This is Texture Talk, a column that deep dives into the dynamic world of curly hair, from crowns of curls that are free flowing to strands that are tucked away in a protective style.
America’s Next Top Model may not have gotten everything right when it comes to what the fashion industry truly entails, but the drama between contestants did have a certain degree of accuracy — at least according to model and reality-television star Brittnee Blair. Her own foray into the fashion world picked up speed when she moved to NYC in 2013. “I stayed in a models apartment during my first few months, and I saw some things,” she says. “Some of the girls were really cutthroat. I’m talking ‘Nair in your conditioner during fashion week’ cutthroat.” Another seemingly made-for-TV moment involved a roommate throwing a fellow model’s alarm clock out the window to ensure that she’d sleep through a casting call.
Luckily for Blair, these early experiences only worked to unlock a deeper sense of self-assuredness. “New York challenged me to love and stand up for myself,” she muses. “You learn that everyone has opinions — in castings especially — and eventually you also learn that you can’t take them to heart.”
“Sometimes it felt like a battle when I would compare myself to the white women…Eventually, I realized that I was never going to look like them — nor was I meant to.”
Now, after having headed campaigns for brands like John Frieda and Knix, Blair says that her confidence is her biggest asset. However, it wasn’t always second nature for the Wilhelmina signee. “I grew up in South Calgary in a predominantly white neighbourhood and didn’t see a lot of people who looked like me,” says the former Big Brother Canada contestant. “Sometimes it felt like a battle when I would compare myself to the white women around me and feel like I should be a certain size or have my hair look a certain way. Eventually, I realized that I was never going to look like them — nor was I meant to.”
It was on television that Brittnee Blair finally saw glimmers of her own reflection in figures like Tyra Banks and Raven-Symoné. However, she says that what resonated most with their representation was much more than skin deep and adds that not only is Banks a beautiful woman whose colour is celebrated but her powerful personality and role as a leader is even more relatable. Another source of inspiration? Ashley Graham. Blair first met her in an elevator en route to her first big gig — a photoshoot for Hanes’s Just My Size range.
Her early on-set experiences with the supermodel were formative. “She taught me a lot about modelling. I learned how to move my body, how to network and how to be on-set,” says Blair. “I’m forever grateful for her.” While Blair mentions how it wasn’t that long ago that having a fuller figure or even having “too many” curves was taboo, things have finally started to shift in the modelling world — and beyond. Now, Brittnee Blair and Graham are part of a new class of models who champion size-inclusive beauty with an exclamation point, not an asterisk.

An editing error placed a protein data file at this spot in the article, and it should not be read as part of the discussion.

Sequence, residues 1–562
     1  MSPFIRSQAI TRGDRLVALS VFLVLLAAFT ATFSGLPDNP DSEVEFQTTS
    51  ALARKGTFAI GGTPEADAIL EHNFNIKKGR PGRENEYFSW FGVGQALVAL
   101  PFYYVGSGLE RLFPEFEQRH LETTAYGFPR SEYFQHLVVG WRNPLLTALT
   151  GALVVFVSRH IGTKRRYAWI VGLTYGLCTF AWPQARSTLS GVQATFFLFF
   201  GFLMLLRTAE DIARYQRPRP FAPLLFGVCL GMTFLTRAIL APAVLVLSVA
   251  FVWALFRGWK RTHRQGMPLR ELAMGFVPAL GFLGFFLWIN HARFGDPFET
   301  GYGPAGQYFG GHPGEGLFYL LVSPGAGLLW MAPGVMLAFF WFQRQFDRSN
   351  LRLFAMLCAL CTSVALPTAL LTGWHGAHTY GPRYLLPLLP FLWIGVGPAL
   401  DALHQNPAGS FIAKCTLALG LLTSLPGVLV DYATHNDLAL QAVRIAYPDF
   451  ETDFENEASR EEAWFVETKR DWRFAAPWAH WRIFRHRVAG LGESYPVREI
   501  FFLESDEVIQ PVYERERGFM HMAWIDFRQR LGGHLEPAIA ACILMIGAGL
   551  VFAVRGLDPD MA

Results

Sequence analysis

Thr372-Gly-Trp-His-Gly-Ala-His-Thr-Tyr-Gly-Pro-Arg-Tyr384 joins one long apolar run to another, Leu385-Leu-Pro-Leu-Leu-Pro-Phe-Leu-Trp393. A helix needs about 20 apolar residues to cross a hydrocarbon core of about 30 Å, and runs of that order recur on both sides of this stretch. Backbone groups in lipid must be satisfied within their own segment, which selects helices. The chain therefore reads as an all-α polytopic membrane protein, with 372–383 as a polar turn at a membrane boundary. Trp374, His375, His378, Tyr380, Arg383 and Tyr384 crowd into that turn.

“I’m ready to see more change, including brands that offer all sizes on one rack instead of segregating certain sizes to a back corner, a plus section or even a whole other store,” says Blair. “I’m happy to see the way people talk about their curves now and the way they’re represented on social media — and in media in general. It’s definitely time.”
This new wave of body acceptance has taken on deeper meaning for Brittnee Blair now that she’s a new mom who knows that embodying self-love is the best way to instill this in her daughter. Though she’s only a few months into motherhood (she gave birth on New Year’s Eve), she’s already thinking about how her own relationship with beauty might influence her daughter. “I think about the challenges I went through and the way I would let people speak to me about my body, about the colour of my skin or even about who I am as a person,” she says. “I want her to know that it’s a beautiful thing to be a kind person but it’s also important to stand your ground.”
As Blair gets acquainted with her postpartum body, she’s anchored by the confidence she honed during her early modelling days. You want to challenge yourself every single day to practise self-love? she says. Have a baby. “So much of me has changed. There are new lumps and bumps, but at the end of the day, I have the utmost respect for my body. I can’t believe how resilient it is, how strong it is, how powerful it is. I’m blown away.”
Swipe through the gallery below for Blair’s latest beauty faves, which are tasked with working just as hard as the busy model and new mom does.
This article first appeared in FASHION’s May issue. Find out more here.
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